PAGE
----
The Gratton Institute have just released a report which endeavours to ‘bring home’ the message that teacher effectiveness is the most significant influence on student outcomes. The summary on page four should be enough to spark significant conversation. Jenson (Director of School Education Program at Gratton Institute) investigates the factors that influence student performance and writes;
“An increase in teacher effectiveness of 10% would lift Australia’s education systems into the highest performing group of countries in the world… Each grade needs to incorporate 5% of a year’s worth of learning for our students to be amoungst the best in the world.”
The report campaigns for more government investment in teacher training rather than ‘pointing the finger’ at teachers. It utilises internationally recognised testing such as PISA, PIRLS and TIMMS to acknowledge Australia’s placing in international rankings; currently eighth with Finland, Hong Kong, Canada, Taipei, Estonia, Japan and New Zealand ahead of Australia in performance.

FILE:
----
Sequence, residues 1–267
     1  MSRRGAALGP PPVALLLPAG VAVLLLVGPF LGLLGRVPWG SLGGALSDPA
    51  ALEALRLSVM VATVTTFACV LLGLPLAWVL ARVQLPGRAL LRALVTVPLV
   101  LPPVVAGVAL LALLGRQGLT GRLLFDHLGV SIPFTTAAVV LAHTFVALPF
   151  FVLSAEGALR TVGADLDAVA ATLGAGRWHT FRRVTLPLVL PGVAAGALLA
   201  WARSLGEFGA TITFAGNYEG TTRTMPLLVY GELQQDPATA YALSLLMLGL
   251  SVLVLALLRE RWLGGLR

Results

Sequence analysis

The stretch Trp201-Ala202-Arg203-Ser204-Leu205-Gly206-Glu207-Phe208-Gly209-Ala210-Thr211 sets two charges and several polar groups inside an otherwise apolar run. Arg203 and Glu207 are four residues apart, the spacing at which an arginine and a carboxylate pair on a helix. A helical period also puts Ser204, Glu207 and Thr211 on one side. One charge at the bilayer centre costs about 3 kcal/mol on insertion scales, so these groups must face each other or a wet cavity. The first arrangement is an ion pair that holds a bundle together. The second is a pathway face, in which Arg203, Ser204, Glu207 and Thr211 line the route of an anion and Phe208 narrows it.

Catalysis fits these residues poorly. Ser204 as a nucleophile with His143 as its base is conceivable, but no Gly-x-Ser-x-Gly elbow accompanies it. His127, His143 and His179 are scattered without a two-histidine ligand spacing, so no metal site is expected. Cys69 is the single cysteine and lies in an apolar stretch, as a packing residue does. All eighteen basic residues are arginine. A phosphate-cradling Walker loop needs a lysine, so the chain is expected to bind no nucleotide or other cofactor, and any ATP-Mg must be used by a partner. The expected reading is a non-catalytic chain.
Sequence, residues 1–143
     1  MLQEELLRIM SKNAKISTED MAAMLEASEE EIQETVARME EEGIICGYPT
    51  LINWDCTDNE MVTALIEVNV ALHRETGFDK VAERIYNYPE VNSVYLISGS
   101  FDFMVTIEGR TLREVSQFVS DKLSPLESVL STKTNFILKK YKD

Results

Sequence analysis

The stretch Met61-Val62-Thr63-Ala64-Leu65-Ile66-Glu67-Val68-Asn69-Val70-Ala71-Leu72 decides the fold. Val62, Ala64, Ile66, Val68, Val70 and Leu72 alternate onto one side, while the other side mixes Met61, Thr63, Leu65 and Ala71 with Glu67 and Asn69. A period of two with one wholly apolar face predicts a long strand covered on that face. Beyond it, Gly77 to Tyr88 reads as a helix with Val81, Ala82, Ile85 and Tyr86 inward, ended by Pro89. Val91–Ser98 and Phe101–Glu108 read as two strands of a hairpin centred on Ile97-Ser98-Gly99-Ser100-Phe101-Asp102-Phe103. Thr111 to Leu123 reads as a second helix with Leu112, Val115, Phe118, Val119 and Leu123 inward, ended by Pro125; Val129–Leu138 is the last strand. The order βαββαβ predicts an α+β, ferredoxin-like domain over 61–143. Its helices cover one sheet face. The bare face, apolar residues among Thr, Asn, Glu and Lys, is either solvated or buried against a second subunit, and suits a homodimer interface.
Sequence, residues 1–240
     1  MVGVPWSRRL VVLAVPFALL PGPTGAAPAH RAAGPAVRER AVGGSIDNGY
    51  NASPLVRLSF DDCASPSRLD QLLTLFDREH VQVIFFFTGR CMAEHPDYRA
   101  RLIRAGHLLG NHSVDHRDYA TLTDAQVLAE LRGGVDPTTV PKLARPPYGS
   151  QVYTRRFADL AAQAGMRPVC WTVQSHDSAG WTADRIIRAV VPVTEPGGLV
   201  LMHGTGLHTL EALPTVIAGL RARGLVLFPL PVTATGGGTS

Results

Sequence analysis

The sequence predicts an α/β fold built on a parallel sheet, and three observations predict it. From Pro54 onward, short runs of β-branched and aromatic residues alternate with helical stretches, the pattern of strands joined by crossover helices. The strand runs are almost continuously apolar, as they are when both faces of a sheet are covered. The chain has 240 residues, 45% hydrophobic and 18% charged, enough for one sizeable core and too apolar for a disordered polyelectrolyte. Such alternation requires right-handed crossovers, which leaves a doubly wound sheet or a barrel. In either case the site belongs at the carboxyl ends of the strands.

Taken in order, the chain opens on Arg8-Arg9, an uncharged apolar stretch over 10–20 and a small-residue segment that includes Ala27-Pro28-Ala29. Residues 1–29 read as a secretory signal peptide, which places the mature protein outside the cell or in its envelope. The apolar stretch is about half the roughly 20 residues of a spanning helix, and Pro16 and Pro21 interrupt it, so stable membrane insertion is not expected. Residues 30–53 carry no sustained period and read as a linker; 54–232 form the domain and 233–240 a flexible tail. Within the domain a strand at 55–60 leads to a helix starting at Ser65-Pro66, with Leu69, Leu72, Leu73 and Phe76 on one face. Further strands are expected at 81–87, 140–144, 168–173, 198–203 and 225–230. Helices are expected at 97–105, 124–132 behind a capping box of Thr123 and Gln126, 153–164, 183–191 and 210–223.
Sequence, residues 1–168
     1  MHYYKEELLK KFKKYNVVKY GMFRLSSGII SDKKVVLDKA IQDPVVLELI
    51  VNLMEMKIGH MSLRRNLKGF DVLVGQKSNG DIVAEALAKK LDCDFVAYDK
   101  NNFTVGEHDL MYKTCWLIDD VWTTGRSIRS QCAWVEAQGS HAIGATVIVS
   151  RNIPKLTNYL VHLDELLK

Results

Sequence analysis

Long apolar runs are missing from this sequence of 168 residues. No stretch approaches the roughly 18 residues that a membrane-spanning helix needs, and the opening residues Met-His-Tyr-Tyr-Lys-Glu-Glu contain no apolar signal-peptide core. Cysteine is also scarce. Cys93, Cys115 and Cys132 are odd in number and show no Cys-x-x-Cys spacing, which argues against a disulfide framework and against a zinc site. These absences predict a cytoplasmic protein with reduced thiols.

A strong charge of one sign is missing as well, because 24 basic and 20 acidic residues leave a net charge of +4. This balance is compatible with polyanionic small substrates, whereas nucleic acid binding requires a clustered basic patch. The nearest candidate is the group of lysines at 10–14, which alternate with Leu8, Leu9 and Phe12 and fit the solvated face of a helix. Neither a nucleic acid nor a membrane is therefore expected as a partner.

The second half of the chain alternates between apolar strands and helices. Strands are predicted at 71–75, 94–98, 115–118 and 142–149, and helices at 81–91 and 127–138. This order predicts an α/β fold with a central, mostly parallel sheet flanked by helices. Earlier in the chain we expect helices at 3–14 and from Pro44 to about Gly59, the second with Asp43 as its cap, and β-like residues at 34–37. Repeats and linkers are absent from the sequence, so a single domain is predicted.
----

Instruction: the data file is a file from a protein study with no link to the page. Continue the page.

I thought this graph was worthy of inclusion;
Jenson quotes extensive research to determine that class size has a ‘little to no impact’ on student performance (mentions a study in Florida where class sizes were restricted to 18) but ‘moderate changes to teacher effectiveness have a significant long-term effect’.
Politicians will push for 5% more ‘content’ but they also need to be prepared to spend big on effectively equipping Australian teachers (This report comments that the government have spent a great deal on training and development with little return). Principals, don’t let those ‘effective’ teachers go!
I feel justified in some of my earlier arguments about teacher commitment to learning outcomes. What do you think? (Go on – tell me I’m right) Read the full report by clicking here: http://www.grattan.edu.au/publications/057_report_education_investing_teachers.pdf
- Teachers more important than class size (news.theage.com.au)
- Real ways to improve ‘teacher effectiveness’ (sfgate.com)